For decades, contractors and consumers have used latex paints in architectural applications, coating the interior and exterior walls of homes and businesses. The ease of soap and water cleanup and lower odor than in solventborne systems has led to an increase in the use of waterborne paints in architectural, industrial maintenance and automotive coatings.

Recently, increasingly stringent environmental regulations have required changes in how latex paints used in architectural applications are formulated. A variety of formulating methods and new raw materials have been developed to help paint manufacturers meet the new regulations. Now formulators can meet VOC regulations while maintaining performance properties in architectural coatings. The following provides an overview of formulation techniques to help balance performance and regulatory compliance in latex paints for architectural applications.

Regulatory Issues

Paint formulators in certain U.S. regions struggle to achieve the correct balance between meeting today's stringent VOC requirements while maintaining the performance properties of architectural coatings. The two main additives that add VOC to a latex paint are antifreeze/open-time additives (i.e., ethylene and propylene glycol) and coalescents. Conventional coalescents add VOC, but mixing and matching with other types of coalescents can actually reduce the VOC of latex paints.


Architectural latex paints are made from a variety of different polymers that are selected based on performance requirements and cost. The monomers used in these polymers determine the glass transition temperature (Tg), which characterizes the hardness of the final polymer at a given temperature. The Tg and polymer type influence the amount and type of solvent required to coalesce the polymer. Substrate, application, dry time, compatibility, VOC regulations, and efficiency all play a role in determining the type of solvent or combination of solvents to be used.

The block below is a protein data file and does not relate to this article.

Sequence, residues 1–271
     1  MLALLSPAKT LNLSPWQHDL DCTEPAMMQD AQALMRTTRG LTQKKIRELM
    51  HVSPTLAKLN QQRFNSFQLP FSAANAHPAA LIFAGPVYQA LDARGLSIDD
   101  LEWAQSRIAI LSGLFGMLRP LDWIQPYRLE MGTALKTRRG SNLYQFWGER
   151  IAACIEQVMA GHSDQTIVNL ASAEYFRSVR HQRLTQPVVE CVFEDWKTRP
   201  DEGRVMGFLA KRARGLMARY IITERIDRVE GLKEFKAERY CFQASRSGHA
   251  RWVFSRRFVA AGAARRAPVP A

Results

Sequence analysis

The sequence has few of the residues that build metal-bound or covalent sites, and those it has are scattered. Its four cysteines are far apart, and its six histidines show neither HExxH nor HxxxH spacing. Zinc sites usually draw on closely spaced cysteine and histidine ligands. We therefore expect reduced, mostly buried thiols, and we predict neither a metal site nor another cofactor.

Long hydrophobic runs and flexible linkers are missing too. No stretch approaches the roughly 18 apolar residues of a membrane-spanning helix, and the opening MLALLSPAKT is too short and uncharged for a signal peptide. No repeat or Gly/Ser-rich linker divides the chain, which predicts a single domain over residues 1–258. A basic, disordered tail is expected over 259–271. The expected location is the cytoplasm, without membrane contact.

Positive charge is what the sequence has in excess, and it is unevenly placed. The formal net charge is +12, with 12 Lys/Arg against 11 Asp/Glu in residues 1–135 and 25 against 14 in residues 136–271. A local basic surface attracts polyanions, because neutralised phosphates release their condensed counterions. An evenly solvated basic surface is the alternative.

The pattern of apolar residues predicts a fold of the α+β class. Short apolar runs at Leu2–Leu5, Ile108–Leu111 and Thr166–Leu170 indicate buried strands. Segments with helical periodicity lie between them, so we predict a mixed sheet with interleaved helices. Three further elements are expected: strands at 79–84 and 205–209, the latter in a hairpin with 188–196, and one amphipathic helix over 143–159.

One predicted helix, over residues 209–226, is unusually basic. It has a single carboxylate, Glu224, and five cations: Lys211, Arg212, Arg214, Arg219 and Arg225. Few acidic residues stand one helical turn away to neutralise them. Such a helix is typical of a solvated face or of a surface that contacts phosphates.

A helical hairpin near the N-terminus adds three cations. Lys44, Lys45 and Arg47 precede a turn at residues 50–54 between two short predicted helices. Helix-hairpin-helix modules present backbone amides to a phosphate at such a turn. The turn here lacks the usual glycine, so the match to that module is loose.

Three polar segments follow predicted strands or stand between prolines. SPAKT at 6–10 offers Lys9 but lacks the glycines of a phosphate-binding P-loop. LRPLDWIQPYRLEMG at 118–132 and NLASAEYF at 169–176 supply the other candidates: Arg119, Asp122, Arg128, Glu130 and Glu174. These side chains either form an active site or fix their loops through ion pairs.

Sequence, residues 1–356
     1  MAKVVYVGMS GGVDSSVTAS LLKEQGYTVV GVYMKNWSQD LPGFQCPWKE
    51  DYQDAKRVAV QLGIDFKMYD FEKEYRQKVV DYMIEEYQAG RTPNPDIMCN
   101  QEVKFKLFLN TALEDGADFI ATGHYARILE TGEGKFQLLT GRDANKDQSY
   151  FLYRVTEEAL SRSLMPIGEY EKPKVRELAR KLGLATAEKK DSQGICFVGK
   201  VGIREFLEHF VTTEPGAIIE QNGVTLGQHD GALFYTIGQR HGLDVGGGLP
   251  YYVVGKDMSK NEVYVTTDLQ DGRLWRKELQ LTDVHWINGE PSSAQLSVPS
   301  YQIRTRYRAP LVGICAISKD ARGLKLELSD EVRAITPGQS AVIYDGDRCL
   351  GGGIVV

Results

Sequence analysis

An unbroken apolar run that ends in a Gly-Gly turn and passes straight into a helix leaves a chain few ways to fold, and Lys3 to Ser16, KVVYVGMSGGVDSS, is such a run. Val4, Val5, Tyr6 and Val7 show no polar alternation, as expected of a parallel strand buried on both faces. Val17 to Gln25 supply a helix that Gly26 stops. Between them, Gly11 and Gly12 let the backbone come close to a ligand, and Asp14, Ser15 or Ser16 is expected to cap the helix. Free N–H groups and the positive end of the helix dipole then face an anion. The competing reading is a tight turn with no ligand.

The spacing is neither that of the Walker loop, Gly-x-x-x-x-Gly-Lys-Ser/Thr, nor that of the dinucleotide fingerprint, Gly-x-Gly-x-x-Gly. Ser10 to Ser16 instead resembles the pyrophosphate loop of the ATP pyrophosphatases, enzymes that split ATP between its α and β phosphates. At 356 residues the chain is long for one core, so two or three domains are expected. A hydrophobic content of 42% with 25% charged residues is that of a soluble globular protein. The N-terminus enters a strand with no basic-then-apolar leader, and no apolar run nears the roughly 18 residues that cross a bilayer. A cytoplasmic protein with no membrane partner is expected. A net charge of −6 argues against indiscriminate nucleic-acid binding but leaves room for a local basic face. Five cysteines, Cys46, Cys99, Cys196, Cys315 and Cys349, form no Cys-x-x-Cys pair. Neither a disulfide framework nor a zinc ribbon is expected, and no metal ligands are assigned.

A conventional coalescent temporarily lowers the Tg, providing mobility to the polymer chains. The softened polymer can then flow and fuse with other polymer chains in the system, creating a protective, decorative film. To be effective, the coalescent has to remain in the film after the water has evaporated to ensure that a homogeneous film develops. A conventional coalescent will evaporate out of the film after a period of time and the film will regain its initial Tg and hardness. Various coalescents can be used individually or in combination to help formulators optimize performance in architectural coatings, while meeting VOC regulations.

Formulating Options
Glycol Removal

There are many options for formulators striving to meet VOC requirements. One way, for example, is glycol removal. In a typical latex paint, the largest contributor to VOC comes from glycol, added for freeze/thaw stability and increased open-time. It is normally present at levels two to three times the amount of the coalescent. In most cases, formulators could meet VOC requirements by simply leaving out the glycol, but this can lead to problems in colder climates, where freezing can occur, and in paints where open-time is important.

Use of a Lower Tg Latex